Questions

Should I be worried that a potential client wants us to guarantee that we will cover the litigation costs if they are sued for using our software?

Hi, We are a small sofware company and we have product for internal use. In the contract we license the software "As is" and provide no warranties. A major company wants to purchase several licenses for internal use, but they want us to warranty that if someone sue them for the use of our software, we have to pay for the litigation costs (which can be 500K). It is very unlikely that someone sue this company for the use of this software internally, but signing this clause makes me very nervous. Any ideas of what I can do in this case? I was reading and other programs like Adobe, word, they do not provide any guarantees on patent infringement. thanks.

4answers

I am a patent attorney generally on the patent owner's side.

Signing such a clause should make you nervous. You don't want to be responsible for the major company's infringement. The major company is likely getting more benefit out of using your software than your company is making by selling licenses.

The previous gentleman's answer is incorrect. Anyone can be sued for patent infringement if they make, sell, or *use* the claimed invention. It depends on the claims in the asserted patent. Based on experience, it's much more likely that the larger entity would be sued for infringement.

A patent infringement case could cost anywhere between $350k-$5M+ USD.
http://www.cnet.com/news/how-much-is-that-patent-lawsuit-going-to-cost-you/

In order to properly answer your question, I would need to know why you feel it's "very unlikely" that someone would sue the major company for using your software.

If the major company won't back down on this provision, the best thing you can do is determine if you need IP (defense) insurance. If a patent attorney determines that it is necessary, raise the price of your license and get IP insurance.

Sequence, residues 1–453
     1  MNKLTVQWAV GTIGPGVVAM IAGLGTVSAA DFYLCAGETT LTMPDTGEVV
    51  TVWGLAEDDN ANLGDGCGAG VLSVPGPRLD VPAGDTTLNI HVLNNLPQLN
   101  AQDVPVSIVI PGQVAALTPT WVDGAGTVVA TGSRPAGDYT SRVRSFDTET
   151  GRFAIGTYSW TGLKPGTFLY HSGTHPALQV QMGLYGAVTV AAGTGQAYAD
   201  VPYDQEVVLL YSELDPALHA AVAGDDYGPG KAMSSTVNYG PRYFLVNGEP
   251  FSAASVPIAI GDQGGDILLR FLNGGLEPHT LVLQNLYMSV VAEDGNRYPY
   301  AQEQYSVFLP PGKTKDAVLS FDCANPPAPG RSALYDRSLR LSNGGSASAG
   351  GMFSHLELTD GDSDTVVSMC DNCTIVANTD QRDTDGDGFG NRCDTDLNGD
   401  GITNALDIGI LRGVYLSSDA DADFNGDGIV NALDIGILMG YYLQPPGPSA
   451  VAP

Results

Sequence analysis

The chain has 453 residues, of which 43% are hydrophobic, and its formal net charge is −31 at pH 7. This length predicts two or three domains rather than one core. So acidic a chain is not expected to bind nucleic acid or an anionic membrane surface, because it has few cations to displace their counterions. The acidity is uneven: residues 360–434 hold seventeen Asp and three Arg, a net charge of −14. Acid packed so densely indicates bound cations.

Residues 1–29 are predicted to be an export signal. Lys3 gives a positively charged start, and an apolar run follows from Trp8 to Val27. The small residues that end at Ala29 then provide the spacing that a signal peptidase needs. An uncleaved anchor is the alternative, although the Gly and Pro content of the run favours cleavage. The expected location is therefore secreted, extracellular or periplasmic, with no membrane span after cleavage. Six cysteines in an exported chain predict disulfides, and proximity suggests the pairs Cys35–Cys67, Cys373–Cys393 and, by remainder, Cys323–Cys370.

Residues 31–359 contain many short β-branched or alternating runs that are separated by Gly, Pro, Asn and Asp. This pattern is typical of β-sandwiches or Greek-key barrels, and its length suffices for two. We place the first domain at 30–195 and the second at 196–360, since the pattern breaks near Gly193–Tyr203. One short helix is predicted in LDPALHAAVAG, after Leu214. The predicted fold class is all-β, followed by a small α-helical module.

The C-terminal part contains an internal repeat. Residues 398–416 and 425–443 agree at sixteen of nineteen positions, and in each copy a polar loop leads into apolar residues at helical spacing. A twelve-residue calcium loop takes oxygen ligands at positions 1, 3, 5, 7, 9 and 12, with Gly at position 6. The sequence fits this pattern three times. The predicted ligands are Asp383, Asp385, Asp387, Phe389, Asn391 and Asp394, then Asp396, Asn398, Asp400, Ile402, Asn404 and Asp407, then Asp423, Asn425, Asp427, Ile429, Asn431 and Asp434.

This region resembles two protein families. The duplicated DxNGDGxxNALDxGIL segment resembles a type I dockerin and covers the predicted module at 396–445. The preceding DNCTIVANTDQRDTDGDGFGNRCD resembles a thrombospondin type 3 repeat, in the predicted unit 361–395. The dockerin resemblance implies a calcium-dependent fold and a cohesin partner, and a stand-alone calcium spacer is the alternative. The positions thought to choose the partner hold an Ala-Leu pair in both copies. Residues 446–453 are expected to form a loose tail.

Answered 5 years ago

This kind of provision is quite common in software license agreements. Usually, it is not so broad as to cover "if they get sued" for using your software. Rather, the indemnity (the legal term for this kind of provision) typically arises if they get sued because your software infringes the intellectual property rights of a third party.

Here is some sample language that one of my clients uses:

LICENSOR hereby agrees to indemnify and hold Client harmless from and against any and all damages resulting from, relating to or arising out of any claim that the Software infringes a patent, copyright, trademark or other intellectual property right of a third party.

(b) Notwithstanding Section 10(a), LICENSOR shall have no liability hereunder and will be indemnified by Client for any claim of infringement based on: (a) the combination, operation or use of the Software with any software, hardware, Client materials or other materials or networks not furnished or certified in writing by LICENSOR, if such infringement would have been avoided without the presence of such software, hardware, materials or networks; or (b) any content or any services, materials or other work product fulfilled by LICENSOR according to the specifications, instructions or requirements supplied by Client.

(c) If all or a part of the Software is, in LICENSOR’s opinion, likely to or does become the subject of a claim of infringement of the rights of a third party, LICENSOR, at its option, may: (i) modify or replace it to make it non-infringing; (ii) use its best endeavors to procure the right to permit Client’s continued usage of the Software; or (iii) if neither of the foregoing options are commercially reasonable, terminate this Agreement upon notice to Client, with a pro rata refund of any prepaid but unearned/unamortized Fees.

Looking at Adobe won't necessarily give you a sense of what is the commercial norm in these circumstances, as Adobe has a lot more bargaining power than most software developers. However, most software providers who supply to enterprise level clients usually offer some warranty or indemnity around infringement.

Happy to discuss further if helpful!

Ronan


Answered 5 years ago

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